Beirut is more than just a historical site; it is an experience, a city like any other on earth. For most of history, Beirut was just a small fishing village on the Lebanese coast, overshadowed by more important ports to the north and the south, but during the French mandate period, Beirut became the symbol of an independent Lebanon. With independence in 1946, Beirut flourished and symbolized the hopes and aspirations of the Lebanese people. With a world-class casino, a fashionable downtown, and sunny beaches, Beirut was a world-class city until the civil war that broke out in 1975 left the once named "Paris of the Middle East" in rubble. Nowadays, sadly the word "Beirut" only conjures up images of ruined buildings, bombings, kidnapping, massacres, and war. However, with 14 years having past since the last bullet was fired, the face of Beirut has changed. With the war behind them, the Lebanese have worked hard to return Beirut to its former glory, and it is well on its way. The downtown area, which was completely leveled during the war, has been completely rebuilt. All over the city, buildings full of mortar and bullet holes are being replaced with five-star hotels and world-class restaurants. Today, Beirut is thriving, cosmopolitan, and fashionable. Its fans see it as a bastion of modernism and culture in the stifling atmosphere of the Middle East; its critics see it as a fake, a facade covering deeper social problems. Love it or hate, Beirut is something that has to be experienced.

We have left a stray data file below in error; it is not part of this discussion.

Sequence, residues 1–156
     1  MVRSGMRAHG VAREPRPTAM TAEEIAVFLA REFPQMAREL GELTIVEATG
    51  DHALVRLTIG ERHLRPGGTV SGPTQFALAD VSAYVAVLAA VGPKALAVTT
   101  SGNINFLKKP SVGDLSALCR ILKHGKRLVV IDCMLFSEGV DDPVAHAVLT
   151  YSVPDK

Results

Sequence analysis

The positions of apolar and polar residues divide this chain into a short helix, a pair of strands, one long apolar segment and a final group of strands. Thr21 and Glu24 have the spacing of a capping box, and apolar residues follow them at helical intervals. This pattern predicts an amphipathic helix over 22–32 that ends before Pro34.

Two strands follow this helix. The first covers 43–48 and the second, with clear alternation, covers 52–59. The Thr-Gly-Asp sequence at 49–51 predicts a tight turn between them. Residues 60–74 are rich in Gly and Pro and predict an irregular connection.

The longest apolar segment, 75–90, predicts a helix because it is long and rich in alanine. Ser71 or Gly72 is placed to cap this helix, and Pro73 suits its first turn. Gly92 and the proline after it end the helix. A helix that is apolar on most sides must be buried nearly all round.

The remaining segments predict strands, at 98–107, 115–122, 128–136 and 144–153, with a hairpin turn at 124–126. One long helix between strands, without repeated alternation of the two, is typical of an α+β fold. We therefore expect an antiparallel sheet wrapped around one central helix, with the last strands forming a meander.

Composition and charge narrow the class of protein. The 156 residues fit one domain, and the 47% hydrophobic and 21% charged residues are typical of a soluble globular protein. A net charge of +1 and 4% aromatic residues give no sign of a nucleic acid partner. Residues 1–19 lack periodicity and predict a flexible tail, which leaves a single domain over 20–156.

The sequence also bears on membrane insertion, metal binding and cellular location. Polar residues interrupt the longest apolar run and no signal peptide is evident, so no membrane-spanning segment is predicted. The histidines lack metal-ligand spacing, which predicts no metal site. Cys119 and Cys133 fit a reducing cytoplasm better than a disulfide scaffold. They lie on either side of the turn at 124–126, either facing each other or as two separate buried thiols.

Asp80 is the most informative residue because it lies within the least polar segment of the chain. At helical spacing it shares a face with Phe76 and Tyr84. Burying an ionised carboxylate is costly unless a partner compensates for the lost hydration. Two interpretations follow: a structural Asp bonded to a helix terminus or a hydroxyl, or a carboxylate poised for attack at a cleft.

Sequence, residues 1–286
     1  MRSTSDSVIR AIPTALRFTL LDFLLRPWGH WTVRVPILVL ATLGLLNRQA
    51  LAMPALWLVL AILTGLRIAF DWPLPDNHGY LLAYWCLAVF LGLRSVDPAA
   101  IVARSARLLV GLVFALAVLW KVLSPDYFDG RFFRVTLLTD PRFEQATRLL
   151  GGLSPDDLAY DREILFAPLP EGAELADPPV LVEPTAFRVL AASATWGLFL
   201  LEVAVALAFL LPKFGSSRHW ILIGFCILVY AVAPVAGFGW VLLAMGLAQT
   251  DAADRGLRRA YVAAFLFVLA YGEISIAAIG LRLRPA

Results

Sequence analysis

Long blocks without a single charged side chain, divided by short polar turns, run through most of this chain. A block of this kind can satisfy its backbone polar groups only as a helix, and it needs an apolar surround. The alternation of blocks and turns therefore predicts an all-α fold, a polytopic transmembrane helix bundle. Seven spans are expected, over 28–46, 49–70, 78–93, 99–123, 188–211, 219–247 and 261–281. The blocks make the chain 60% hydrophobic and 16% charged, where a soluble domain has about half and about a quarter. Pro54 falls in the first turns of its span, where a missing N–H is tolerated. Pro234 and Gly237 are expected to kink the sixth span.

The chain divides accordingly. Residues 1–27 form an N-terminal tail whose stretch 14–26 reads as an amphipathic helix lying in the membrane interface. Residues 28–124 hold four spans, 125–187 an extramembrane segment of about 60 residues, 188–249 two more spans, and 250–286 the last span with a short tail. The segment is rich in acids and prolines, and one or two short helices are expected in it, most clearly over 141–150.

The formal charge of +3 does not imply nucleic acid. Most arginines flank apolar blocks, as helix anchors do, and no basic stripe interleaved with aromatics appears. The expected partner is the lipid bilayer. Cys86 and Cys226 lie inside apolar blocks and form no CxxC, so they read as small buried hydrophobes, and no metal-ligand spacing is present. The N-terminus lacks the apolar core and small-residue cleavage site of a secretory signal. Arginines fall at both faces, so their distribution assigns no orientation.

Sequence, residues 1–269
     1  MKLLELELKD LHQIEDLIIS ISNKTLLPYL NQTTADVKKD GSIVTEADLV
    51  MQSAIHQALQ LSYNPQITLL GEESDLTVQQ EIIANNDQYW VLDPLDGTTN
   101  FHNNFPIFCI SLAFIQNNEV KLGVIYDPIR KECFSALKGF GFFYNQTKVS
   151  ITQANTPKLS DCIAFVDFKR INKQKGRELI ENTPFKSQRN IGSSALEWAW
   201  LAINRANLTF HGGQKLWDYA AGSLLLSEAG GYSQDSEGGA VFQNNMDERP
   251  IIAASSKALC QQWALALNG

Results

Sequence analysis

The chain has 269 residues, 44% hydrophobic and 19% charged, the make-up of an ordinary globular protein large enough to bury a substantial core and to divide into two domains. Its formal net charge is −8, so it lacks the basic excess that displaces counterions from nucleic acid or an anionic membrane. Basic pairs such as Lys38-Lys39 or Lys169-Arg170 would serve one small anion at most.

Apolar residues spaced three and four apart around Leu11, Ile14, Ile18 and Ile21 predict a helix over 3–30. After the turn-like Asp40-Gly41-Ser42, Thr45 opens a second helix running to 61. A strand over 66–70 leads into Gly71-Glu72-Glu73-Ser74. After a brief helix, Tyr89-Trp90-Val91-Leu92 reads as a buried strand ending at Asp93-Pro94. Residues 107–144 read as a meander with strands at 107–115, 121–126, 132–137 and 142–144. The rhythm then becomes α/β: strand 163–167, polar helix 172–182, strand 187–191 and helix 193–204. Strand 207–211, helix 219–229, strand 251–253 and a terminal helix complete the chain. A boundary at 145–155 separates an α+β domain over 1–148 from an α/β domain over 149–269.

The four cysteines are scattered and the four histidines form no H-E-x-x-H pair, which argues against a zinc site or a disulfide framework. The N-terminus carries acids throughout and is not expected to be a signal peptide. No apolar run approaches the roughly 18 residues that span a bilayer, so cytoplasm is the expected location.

Modern Beirut is divided into three main parts, West Beirut, East Beirut, and downtown.
West Beirut was the traditional Muslim side of town during the civil war and the site of some of the more infamous events of the war, such as the Holiday Inn bombing. Although numerous remnants of the war remain, such as the ruined skeleton of the Holiday Inn, West Beirut has reestablished itself as home to great shopping, the beautiful Corniche, and most famously, the American University of Beirut. The heart of West Beirut lies on Hamra Street, where you will find the majority of hotels, as well as a large number of classy shops and cafés. If you head down the hill to the north from Hamra Street, you will end up on the Beirut Corniche, a large walkway that extends along the whole north side of West Beirut. One of the best times to head down to the Corniche is in the morning; when the sun is low, the Corniche is full of exercising Beirutis, and the Mediterranean looks magical. Summer nights along the Cornihce, though, are a typically Lebanese experience. In the summer, Beirutis from all over town flock to the Corniche for evening strolls. Street vendors selling ears of corn and loving couples vie for space as trendy young men eagerly drive by in their brand-new Mercedes. All along the edge of the water you’ll find makeshift argileh cafés, where you can sit and smoke a water pipe while looking out over the sea for just over $1.
Rouché, located on the western end of West Beirut is the home of the most spectacular sight in Beirut, the Pigeon Rocks. The Pigeon Rocks are a set of large rocks protruding out of the sea below the cliffs of Rouché. Any visit to Beirut requires that you spend at least one evening at any of the numerous cafés here watching the sun slowly sink into the horizon of the sea. When accompanied with an argileh, Almaza beer, or some Kefraya wine, it is a magical sight. Then, after watching the sunset, the swank shopping area of Verdun is just a short walk away in case you are in the mood for high fashion.